The Herald: Fiona Lindsay with a ReBlade tableFiona Lindsay with a ReBlade table (Image: Colin Hattersley)

The Lindsays are keen advocates of paying attention to the waste hierarchy. Any blade that comes in will be pushed towards its highest level of use on a hierarchy that descends from reuse through to recycling but never landfill. If there is an outlet for a second-hand blade, that will be its first, though rare, application. Repurposing and giving it a second life in structures  like shelters, will be the next. 

Another much-touted solution for waste blades is "recycling" in which processes are applied to the polymer to release the glass fibres. But Mr Lindsay notes that this is, so far, not commercially available. 

“Worldwide," he said, "there are only about five glass fibre recycling solutions and even then they involve lots of energy – energy to crush it, then energy to cook it, and then energy to bring in caustic chemicals to dissolve it. At the end what you are left with is a fibre  that is greatly compromised  which means it will ultimately end up in a lower grade and ultimately lower value product.” 

By contrast, the repurposing that  ReBlade does, adds value and represents a financially viable circular economy model. It also saves carbon, compared to other forms of disposal like shredding. The chief other low-carbon option, of simply dumping it, whole, in landfill, is now widely rejected. In 2021, WindEurope called for a Europe-wide landfill ban on decommissioned blades. 

The company has also done an independently verified lifecycle analysis and found that it is carbon positive. What it produces – for example the Dundee charging hub shelters – result in less carbon release than a comparable structure made from virgin material. 

But glass-reinforced polymer is not only a waste problem for the wind sector. It’s there in the marine sector, manufacturing, in baths and shower trays, and most of these have not looked at the problem and simply keep sending to landfill. 

The trade association Composite UK estimates that about 100,000 tonnes per year ends up in landfill. 

This is also ultimately about helping create a thriving economy through decommissioning the wind sector sustainably

A key distinction, however, of blade material is how tough and thick it is. Even shredding it, as is done with other products, is too much of a challenge. “Shredding the blades uses up a lot of energy,” said Mr Lindsay. "I broke three shredding machines attempting to do that.” 

Among the problems that ReBlade has faced is that information about the design and make-up of the blades and residual properties after their operational life, which will involce flying through the air for literally millions of miles can be hard to determine. This has meant that to produce structures, like the shelters, they have had to reverse engineer the blades, in order to ensure they are fit to be repurposed into large scale public realm infrastructure items.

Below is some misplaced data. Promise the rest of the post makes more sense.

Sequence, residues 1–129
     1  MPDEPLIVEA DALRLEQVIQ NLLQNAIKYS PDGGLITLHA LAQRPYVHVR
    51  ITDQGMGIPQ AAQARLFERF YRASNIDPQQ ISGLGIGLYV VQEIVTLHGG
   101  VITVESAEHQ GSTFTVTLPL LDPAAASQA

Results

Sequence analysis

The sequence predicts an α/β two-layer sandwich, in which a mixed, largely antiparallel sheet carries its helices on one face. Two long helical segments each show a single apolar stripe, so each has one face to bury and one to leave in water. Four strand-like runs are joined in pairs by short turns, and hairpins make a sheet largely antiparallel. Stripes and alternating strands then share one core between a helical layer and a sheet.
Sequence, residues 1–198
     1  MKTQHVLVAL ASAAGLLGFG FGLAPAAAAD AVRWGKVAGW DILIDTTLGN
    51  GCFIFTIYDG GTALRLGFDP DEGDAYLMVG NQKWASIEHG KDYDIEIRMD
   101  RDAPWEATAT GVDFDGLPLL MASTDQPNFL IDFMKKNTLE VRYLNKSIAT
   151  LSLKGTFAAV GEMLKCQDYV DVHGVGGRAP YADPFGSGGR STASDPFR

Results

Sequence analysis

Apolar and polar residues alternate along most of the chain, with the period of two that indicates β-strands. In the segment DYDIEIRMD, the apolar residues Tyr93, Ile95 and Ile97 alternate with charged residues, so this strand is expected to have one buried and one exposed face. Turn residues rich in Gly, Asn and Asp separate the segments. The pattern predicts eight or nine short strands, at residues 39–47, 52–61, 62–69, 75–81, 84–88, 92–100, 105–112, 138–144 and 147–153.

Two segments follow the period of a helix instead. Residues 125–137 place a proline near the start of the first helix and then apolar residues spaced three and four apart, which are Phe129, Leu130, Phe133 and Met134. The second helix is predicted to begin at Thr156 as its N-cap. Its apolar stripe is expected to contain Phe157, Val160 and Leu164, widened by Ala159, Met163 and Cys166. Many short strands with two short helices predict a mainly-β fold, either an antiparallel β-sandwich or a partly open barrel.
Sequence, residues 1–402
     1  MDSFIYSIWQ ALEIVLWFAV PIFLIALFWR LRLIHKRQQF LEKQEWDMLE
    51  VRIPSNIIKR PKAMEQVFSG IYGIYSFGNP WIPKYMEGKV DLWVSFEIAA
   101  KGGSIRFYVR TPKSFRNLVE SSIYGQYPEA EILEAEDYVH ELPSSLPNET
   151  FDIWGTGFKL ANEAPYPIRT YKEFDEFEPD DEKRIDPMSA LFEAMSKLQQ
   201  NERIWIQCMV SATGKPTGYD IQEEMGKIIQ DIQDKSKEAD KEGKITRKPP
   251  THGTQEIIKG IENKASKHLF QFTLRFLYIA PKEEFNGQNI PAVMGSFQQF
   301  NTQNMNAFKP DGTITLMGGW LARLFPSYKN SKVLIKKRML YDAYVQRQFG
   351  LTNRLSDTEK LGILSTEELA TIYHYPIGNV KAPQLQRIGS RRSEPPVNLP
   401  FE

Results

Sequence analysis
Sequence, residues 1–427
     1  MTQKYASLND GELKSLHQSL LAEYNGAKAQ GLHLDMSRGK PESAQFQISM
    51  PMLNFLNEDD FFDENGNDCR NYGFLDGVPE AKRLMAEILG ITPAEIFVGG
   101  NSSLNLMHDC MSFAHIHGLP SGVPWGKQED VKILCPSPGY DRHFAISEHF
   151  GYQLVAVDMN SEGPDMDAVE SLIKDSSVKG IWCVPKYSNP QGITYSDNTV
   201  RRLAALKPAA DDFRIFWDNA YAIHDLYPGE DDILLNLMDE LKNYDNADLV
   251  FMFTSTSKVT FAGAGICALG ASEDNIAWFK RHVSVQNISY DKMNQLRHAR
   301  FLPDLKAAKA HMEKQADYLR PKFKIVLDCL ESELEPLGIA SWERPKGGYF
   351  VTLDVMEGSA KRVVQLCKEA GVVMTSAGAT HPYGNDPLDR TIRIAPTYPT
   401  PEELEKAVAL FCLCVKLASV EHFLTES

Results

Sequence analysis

The Lindsays believe their circular solution, which encompasses a full material solution, based on site works where they will cut the blade, collect it, bring it back to their site, and then provide a full range of material solutions, including turning it, or at least parts of it, into other things, will be cheaper than any other commercial wind turbine blade decommissioning model. 

Nor are the Lindsays put off by the idea of the bigger offshore blades that will be decommissioned further down the track. The bigger blades, he observed, are now so big, at approaching 100 metres in length, that you can “literally drive double decker buses inside them”. 

However, the next generation of wind farms is also looking at a longer life, of around 40 years. 

“The ones that get talked about now,” said Mr Lindsay, "and the ones which will be established during the ScotWind process, will be big, not just big, but will probably have a different technology. There will be thicker materials and they will be stronger and heavier. I see that as attractive because we could do a lot more with them." 

He added: “Our site methodology is easy to scale up for offshore. We’re also confident that the supply chain for us in terms of parts of blades that we can’t repurpose and that we have to put into a recycling solution will be there by then.” 

ReBlade is pioneering a circular economy way of thinking that the couple hopes will spread.  

Mrs Lindsay said: "I'm hopeful operators of wind will make sustainable and circular economy-focused commitments as part of their new circular company strategies to help achieve a carbon-neutral footprint. That's where I see ReBlade stepping in.  

"We are focused on providing a carbon emission savings calculation that they can use to showcase their carbon offset through using ReBlade’s services and products. This is also ultimately about helping create a thriving economy through decommissioning the wind sector sustainably.”